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YUKON DELTA: Officers Uncover Musk Ox Poaching
10 Region, April 20, 2005
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Refuge Officers/Pilots Issac Bedingfield and Robert Sundown discovered remains of five musk oxen while on an aerial patrol 75 miles west of Bethel in the Yukon Delta National Wildlife Refuge. The musk oxen were illegally shot from a promising new herd of 29 animals populating a series of small extinct volcanoes, known locally as the Mud Volcanoes. The officers followed the snowmobile trail from the kill site to two small villages on the Bering Sea coast.

The officers landed at these two villages and from a series of interviews discovered the identity of the eight poachers. The investigation also uncovered the remains of an illegally taken moose. Cooperative efforts with the Alaska State Troopers are under way to prosecute the poachers. The suspects face $3000 restitution for each musk oxen taken, a $3000 fine each for illegal take, seizure of the meat and weapons, and possible forfeiture of their snowmobiles. Earlier this winter, two musk oxen were poached from the same herd. Biologists believe that the herd of 29 would have supported a limited legal hunt within five years prior to this decimation. The case made headlines in Anchorage papers as well as local news media. Village elders throughout the Delta expressed anger at poaching of this promising population.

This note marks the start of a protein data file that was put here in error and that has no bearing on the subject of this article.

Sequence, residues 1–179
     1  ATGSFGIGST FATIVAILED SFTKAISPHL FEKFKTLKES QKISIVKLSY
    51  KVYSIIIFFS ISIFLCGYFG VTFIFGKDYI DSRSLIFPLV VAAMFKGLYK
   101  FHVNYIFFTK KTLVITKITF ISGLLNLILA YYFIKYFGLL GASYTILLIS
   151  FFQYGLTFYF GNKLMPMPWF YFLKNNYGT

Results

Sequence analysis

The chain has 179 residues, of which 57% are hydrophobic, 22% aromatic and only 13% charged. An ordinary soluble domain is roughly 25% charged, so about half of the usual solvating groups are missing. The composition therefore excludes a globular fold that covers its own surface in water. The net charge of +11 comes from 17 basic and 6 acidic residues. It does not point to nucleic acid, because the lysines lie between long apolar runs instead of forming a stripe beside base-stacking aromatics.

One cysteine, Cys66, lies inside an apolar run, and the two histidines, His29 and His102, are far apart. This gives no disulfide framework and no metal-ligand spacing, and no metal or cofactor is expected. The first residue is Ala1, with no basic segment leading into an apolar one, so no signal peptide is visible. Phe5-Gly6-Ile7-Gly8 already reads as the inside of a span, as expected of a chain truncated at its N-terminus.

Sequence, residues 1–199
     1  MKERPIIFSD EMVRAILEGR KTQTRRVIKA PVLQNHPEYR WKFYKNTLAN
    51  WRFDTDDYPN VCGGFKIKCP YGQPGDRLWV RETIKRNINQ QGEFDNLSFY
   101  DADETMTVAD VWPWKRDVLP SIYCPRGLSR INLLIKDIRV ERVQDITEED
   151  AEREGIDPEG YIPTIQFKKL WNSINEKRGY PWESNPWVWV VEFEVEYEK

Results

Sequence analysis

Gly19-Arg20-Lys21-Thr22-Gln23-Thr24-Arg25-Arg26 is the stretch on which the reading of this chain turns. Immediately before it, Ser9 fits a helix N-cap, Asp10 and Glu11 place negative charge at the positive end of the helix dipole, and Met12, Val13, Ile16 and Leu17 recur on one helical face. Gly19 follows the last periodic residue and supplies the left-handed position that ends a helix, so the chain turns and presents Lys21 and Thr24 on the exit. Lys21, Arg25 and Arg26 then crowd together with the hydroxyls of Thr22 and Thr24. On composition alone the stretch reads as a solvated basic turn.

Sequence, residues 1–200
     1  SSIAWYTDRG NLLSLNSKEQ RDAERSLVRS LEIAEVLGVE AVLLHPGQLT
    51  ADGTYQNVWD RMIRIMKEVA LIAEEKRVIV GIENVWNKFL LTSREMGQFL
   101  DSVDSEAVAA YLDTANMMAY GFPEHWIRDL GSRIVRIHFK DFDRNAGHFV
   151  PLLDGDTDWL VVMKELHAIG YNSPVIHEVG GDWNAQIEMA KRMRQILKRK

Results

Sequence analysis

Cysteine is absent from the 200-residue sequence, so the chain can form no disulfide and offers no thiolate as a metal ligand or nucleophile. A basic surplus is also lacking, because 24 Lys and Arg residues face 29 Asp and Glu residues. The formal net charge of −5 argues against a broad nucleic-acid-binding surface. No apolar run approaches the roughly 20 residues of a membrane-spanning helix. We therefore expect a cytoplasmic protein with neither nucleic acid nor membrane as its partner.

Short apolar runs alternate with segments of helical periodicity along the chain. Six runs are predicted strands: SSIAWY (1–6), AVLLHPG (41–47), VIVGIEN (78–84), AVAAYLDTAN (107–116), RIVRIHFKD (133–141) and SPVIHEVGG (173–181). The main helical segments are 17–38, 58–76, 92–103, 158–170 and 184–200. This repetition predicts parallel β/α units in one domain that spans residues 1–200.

Musk oxen once lived across Alaska but with the advent of gunpowder were gone by the late 1800s. In a rescue effort approved by Congress, three dozen Greenland musk oxen were transplanted to Fairbanks in 1931. By 1936, they were moved to the Refuge's Nunivak Island. The Nunivak herd has been used as seed stock for new herds throughout Alaska and Russia. One of the first herds formed in 1968, when two dozen Nunivak musk oxen were transplanted onto nearby Nelson Island. Now the two islands hold 900 animals, from which hunters take 120 or more bulls and cows every year. With few predators other than hunters, the Nelson Island herd has expanded across the Delta, including the small group that was poached.

Contact Info: Kevin Painter, , kevin_painter@fws.gov



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